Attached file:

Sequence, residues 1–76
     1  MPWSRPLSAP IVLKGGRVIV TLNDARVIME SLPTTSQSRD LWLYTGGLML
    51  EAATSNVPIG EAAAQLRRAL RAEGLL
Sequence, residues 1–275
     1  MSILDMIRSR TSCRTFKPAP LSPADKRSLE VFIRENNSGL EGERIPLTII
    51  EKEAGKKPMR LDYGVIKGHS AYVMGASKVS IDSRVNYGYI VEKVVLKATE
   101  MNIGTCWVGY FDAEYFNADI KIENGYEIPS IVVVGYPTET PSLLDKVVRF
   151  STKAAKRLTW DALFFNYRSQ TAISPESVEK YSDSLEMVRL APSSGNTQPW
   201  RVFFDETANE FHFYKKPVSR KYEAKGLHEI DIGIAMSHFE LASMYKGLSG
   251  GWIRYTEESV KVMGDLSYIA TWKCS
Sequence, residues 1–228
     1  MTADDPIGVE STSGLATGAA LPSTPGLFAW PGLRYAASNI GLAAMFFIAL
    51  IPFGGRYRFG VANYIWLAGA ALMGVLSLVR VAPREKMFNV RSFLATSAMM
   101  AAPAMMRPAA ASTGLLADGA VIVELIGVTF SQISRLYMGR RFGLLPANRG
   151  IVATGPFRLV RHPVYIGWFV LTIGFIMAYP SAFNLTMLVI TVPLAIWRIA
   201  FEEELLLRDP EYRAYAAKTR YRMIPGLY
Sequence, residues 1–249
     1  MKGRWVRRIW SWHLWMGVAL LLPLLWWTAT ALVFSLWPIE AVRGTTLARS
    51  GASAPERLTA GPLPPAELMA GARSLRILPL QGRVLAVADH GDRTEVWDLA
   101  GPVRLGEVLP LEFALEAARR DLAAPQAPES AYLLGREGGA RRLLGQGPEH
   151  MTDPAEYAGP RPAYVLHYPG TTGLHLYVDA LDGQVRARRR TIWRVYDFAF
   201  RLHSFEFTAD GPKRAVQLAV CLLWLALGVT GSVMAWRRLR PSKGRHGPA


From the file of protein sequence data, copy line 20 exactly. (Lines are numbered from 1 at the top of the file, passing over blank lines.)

   101  GPVRLGEVLP LEFALEAARR DLAAPQAPES AYLLGREGGA RRLLGQGPEH